Anth258: African Societies
Paper topic proposal: Self-image among Masaai youth
The Masaai are a pastoral and patrilineal people who live mostly in southern Kenya but also in northern regions of Tanzania, constituting roughly 5% of the Kenyan population. Their means of subsistence has been cattle, goat and sheep herding. Social hierarchy is strictly divided among waves of age sets that first become active warriors and then pass into elderhood. I first learned of the Masaai while reading a science magazine in the 1995s, in which the Masaai were described as extremely tall people in central Africa who hunted down lions. (Or so I remember)
During colonial rule and afterwards, the Masaai have been confined to limited reserve areas, which made herding unsustainable. While some have stayed in “traditional” roles, many have moved closer to the cities and have worked as security guards, in countless variations of the tourism industry, farming, and leasing of land to large-scale cereal cultivation. Given the tense relationship between the younger and elder warriors, I would expect generational conflicts breaking out as a result of loosening social ties.
At the same time, refusal of Masaai parents to send their children to school is a major concern in the Kenyan government and educators. Why does a Masaai man believe school is not appropriate for the most able ones of his children, when living conditions have deteriorated for the pastoral activity? Is it that he or she views oneself as entrusted with defending the traditions? This question seems to relate to a difference pointed out by Bruner between domestic and foreign tourism. Small differences, such as calling the rites “tribal” for foreign brochures or “traditional” for Kenyan tourists, hint on the self-conception of the Masaai and their position in the Kenyan nation.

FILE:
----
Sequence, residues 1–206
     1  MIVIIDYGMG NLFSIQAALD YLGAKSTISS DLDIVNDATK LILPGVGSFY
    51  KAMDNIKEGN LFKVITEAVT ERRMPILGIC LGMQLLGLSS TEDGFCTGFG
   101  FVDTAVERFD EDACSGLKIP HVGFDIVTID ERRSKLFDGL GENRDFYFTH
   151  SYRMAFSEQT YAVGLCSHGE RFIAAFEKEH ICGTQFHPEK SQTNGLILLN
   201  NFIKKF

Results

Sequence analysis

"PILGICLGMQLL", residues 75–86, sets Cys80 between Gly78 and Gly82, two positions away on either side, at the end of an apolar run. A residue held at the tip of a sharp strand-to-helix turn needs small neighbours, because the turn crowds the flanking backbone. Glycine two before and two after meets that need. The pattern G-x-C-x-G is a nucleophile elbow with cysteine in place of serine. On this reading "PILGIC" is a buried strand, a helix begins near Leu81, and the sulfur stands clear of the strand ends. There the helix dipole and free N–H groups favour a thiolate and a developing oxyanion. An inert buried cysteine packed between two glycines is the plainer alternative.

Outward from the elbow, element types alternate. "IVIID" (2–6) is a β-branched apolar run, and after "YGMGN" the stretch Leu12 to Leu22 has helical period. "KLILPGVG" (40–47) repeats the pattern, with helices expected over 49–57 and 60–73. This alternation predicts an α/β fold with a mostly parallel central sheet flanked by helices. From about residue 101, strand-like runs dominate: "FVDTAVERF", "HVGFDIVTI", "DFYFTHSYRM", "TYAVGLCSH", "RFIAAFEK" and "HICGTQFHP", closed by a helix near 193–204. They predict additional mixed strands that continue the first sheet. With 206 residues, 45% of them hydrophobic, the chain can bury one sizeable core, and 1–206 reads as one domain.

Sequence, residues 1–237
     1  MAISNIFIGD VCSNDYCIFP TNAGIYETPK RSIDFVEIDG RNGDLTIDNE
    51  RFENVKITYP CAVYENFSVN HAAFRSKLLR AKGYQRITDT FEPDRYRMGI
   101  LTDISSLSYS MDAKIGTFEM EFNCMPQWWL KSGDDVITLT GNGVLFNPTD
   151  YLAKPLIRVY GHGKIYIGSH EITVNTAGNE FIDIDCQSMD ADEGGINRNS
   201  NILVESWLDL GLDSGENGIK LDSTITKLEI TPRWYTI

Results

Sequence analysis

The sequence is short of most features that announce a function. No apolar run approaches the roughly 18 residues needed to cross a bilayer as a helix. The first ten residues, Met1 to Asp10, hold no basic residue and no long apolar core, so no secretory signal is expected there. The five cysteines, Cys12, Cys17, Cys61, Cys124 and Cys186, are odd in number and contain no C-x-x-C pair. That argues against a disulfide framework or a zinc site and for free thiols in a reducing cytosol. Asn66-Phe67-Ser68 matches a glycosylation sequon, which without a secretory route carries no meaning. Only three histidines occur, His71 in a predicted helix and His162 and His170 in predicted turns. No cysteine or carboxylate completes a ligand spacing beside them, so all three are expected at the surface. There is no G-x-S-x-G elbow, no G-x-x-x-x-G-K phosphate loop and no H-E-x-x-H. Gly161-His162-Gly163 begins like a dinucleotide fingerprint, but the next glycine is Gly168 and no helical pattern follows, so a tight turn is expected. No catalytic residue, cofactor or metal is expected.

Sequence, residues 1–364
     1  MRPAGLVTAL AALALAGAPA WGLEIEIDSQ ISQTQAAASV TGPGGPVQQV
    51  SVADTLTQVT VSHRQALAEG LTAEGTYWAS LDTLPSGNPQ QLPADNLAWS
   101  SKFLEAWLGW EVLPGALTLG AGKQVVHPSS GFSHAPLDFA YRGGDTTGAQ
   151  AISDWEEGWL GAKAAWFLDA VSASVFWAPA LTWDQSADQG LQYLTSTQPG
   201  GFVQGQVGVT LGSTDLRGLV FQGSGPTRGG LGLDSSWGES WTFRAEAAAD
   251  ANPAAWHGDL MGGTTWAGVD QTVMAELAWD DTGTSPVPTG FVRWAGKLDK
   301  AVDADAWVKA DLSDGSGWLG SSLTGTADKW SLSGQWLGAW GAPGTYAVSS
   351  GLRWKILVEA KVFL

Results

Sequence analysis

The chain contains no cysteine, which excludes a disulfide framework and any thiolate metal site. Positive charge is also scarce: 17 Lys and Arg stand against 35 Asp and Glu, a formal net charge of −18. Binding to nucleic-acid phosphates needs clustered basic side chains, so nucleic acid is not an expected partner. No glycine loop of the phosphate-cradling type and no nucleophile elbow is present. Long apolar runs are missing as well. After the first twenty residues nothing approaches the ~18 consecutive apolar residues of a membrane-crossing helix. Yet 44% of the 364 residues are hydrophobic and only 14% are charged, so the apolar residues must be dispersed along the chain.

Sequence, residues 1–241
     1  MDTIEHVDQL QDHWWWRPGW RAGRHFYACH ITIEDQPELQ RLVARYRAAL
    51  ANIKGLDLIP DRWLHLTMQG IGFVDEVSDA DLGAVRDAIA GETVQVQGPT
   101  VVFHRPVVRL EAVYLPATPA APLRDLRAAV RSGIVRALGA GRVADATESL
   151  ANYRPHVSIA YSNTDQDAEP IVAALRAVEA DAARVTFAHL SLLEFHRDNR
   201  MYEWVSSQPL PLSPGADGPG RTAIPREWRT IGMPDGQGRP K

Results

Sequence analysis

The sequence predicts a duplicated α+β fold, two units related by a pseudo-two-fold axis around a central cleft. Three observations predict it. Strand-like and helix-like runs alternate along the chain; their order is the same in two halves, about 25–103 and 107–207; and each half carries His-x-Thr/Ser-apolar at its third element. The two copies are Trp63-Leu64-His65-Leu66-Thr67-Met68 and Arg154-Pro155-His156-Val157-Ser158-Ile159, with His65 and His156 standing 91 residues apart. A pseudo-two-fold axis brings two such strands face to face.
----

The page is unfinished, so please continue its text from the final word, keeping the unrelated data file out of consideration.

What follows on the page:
In the meantime, a group of elites, possibly rooting back to the colonial periods, were educated in Europe while still claiming their identity as Masaai. I am interested in how has Saitoti, having studied in Germany and United States, been able to celebrate his homeland culture through photographies and an autobiography, without turning it into a spectacle. I also want to learn more about the implications of being a “Real Masaai”, as called by Bentsen, as opposed to not being one. How does popular rhetoric recognize authenticity, and does it respond to the social impacts produced by the divide on a “fake” Masaai?
Working within the frame proposed by Bruner, and relying on Little and Spencer for broader perspectives, I want to respond to the following question: How do the younger generations of Masaai view themselves in relation to elders and the urban Kenyan society?
Bentsen, Cheryl. Masaai Days. (Summit Books, 1989)
Bruner, Edward. “The Maasai and the Lion King: authenticity, nationalism, and globalization in African tourism”, American Ethnologist, vol.28, 4 (Nov 2001): 881-1009
Little, Peter. “Maasai identity on the periphery”, American Anthropologist, vol.100, 2 (Jun 1998): 444-58
Phillips, Jacqueline and Bhavnagri, Navaz. “The Maasai’s education and empowerment: challenges of a migrant lifestyle.”, Childhood Education, vol.78, 3 (Spring 2002): 140-47
Spencer, Paul. “Chapter 6: The Upset of Ritual Rebellion”, The Masai of Mataputo: a study of rituals of rebellion. (Bloomington, IN: Indiana University Press, 1988): 79-100
Saitoti, Tepilit. The Worlds of a Masaai Warrior: an Autobiography. (Random House, 1986)
Thompson, Michael. “Entrepreneurs, elites, and exclusion in Maasailand: trends in wildlife conservation and pastoralist development.”, Human Ecology, vol.30, 1 (Mar 2002): 107-39
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